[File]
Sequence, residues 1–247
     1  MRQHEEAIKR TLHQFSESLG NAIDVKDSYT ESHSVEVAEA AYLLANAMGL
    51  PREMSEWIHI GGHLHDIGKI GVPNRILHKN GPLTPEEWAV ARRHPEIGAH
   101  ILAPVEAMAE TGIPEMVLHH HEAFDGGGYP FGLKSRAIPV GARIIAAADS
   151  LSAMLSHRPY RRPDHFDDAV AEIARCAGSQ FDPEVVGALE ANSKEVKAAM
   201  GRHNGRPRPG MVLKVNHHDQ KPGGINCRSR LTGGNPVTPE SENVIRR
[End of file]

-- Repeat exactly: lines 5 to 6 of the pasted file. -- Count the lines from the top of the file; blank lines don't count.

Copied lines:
   151  LSAMLSHRPY RRPDHFDDAV AEIARCAGSQ FDPEVVGALE ANSKEVKAAM
   201  GRHNGRPRPG MVLKVNHHDQ KPGGINCRSR LTGGNPVTPE SENVIRR